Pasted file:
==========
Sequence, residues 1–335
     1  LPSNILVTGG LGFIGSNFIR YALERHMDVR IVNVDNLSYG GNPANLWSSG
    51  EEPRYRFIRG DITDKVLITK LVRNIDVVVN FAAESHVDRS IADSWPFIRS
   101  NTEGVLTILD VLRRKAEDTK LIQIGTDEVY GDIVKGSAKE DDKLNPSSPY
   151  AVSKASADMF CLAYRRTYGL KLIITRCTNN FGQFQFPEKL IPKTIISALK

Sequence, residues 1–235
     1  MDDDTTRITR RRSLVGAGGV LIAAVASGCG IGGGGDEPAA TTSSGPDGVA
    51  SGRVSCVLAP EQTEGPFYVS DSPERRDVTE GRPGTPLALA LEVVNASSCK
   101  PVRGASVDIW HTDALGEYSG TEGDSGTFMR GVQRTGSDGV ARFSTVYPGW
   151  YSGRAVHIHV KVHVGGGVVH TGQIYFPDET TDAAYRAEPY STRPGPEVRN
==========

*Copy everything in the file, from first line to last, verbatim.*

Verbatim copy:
Sequence, residues 1–335
     1  LPSNILVTGG LGFIGSNFIR YALERHMDVR IVNVDNLSYG GNPANLWSSG
    51  EEPRYRFIRG DITDKVLITK LVRNIDVVVN FAAESHVDRS IADSWPFIRS
   101  NTEGVLTILD VLRRKAEDTK LIQIGTDEVY GDIVKGSAKE DDKLNPSSPY
   151  AVSKASADMF CLAYRRTYGL KLIITRCTNN FGQFQFPEKL IPKTIISALK

Sequence, residues 1–235
     1  MDDDTTRITR RRSLVGAGGV LIAAVASGCG IGGGGDEPAA TTSSGPDGVA
    51  SGRVSCVLAP EQTEGPFYVS DSPERRDVTE GRPGTPLALA LEVVNASSCK
   101  PVRGASVDIW HTDALGEYSG TEGDSGTFMR GVQRTGSDGV ARFSTVYPGW
   151  YSGRAVHIHV KVHVGGGVVH TGQIYFPDET TDAAYRAEPY STRPGPEVRN